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(The Center Square) – Utah and Texas ranked first in separate economic categories in a new report published by the nonpartisan American Legislative Exchange Council (ALEC).

In its 13th annual Rich States, Poor States Index, ALEC identified states with the best economic outlook in 2020 and policy choices that have encouraged or stymied economic opportunity and growth.

The report provides analysis of all 50 states in two categories: economic outlook and economic performance across multiple variables.

Utah has ranked first in economic outlook since 2013. Texas has ranked in the top 15 in economic performance since 2013, but ranked first for the first time in this year’s report.

Used by state lawmakers since 2008, the report is authored by economist Dr. Arthur B. Laffer, economic policy expert Stephen Moore, and ALEC’s chief economist, Jonathan Williams.

The data show “how economically competitive states thrive and how those that don’t make proactive pro-growth reforms, like Connecticut and Illinois, are left in the dust,” Dr. Arthur Laffer said. “Sound tax policy and eliminating excessive government regulations continue to stand strong and true in improving states’ competitiveness, and we hope these states’ stories serve as a guide as we navigate the economic recovery following the COVID-19 pandemic.”

Its economic outlook category provides a forward-looking forecast based on the state’s standing in 15 state policy variables. Data reflect state and local tax rates and revenues and any effect of federal deductibility.

Those in the top following Utah, include Wyoming, Idaho, Indiana, North Carolina, Nevada, Florida and Arizona. Texas ranked 15th.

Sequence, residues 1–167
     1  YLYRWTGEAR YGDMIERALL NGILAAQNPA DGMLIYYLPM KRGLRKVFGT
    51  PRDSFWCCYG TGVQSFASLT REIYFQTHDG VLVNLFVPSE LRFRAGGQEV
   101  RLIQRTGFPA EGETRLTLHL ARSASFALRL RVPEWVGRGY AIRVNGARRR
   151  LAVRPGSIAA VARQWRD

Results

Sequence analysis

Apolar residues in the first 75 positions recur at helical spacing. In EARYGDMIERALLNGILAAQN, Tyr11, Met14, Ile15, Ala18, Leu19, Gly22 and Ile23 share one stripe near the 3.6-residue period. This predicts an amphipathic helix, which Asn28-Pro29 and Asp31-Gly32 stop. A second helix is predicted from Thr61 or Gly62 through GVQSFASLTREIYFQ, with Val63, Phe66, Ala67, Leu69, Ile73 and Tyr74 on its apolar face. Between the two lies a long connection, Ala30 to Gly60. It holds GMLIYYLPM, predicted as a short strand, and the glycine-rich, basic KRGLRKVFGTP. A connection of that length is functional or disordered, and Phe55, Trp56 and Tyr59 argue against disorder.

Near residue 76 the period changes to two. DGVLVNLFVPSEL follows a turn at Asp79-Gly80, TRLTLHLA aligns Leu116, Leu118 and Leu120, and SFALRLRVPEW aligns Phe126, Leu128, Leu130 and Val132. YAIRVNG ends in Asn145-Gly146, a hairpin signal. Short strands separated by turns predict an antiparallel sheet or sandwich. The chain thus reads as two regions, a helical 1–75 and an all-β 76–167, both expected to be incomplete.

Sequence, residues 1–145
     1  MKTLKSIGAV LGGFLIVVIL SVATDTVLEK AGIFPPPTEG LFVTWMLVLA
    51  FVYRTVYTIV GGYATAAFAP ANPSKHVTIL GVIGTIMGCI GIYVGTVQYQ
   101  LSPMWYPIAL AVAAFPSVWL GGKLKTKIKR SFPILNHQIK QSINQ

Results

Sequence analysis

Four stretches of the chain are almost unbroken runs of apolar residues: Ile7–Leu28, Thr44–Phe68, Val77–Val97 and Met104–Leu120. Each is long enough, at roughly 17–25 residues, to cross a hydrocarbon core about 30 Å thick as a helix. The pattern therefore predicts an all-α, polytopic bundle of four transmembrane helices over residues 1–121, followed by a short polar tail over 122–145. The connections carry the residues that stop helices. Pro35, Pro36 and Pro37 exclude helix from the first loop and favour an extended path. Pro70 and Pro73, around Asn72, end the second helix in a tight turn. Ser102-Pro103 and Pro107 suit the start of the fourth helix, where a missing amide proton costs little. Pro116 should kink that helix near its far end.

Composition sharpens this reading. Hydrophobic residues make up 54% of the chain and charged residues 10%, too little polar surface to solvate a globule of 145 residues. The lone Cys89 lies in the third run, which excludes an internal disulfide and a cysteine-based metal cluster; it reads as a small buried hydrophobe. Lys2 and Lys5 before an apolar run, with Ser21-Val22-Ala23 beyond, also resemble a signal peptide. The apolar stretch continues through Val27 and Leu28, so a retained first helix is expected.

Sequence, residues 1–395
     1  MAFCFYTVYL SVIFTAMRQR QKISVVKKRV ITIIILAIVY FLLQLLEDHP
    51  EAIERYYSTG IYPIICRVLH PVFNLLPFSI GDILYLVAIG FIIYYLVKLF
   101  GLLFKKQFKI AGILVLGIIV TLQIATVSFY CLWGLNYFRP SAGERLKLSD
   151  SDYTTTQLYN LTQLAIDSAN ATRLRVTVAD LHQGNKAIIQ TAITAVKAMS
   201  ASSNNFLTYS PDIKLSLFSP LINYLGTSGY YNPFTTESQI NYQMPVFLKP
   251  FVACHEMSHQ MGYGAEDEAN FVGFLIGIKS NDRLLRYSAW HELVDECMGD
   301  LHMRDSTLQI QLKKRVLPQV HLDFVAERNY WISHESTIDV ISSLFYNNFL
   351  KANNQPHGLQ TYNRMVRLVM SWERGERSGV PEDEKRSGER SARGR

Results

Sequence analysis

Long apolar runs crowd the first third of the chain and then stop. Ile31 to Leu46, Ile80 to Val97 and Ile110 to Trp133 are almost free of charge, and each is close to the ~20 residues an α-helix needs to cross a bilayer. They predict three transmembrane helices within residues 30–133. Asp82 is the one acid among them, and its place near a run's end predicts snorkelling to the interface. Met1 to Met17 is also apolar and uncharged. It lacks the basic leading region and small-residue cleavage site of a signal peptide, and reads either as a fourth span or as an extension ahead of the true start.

“Generally speaking, states that spend less – especially on income transfer programs – and states that tax less – particularly on productive activities such as working or investing – experience higher growth rates than states that tax and spend more,” the report states.

In the economic performance category, Texas ranked first. States in the top 10 also included Washington, Utah, Colorado, North Dakota, Florida, South Carolina, Oregon and Tennessee.

New York ranked last; New Jersey ranked 48th.

Its economic performance analysis provides a backward-looking measure based on the state’s performance in three performance variables influenced by state policy: state GDP, absolute domestic migration, and non-farm payroll employment. The ranking also details states’ individual performances over the past 10 years based on this economic data.

“Across the states and over the years, Rich States, Poor States showcases the positive impact of free market, pro-growth policies on state economies,” ALEC’s chief economist and report co-author, Jonathan Williams, said. “Following months of COVID-19 uncertainty, taxpayers and their legislators need choices that promote stability and are proven to build stronger and more resilient states. This publication provides a roadmap to recovery based on fiscally sound choices.”

The authors found that “big reforms” significantly helped Wyoming, Oklahoma, Wisconsin, Delaware and Montana.

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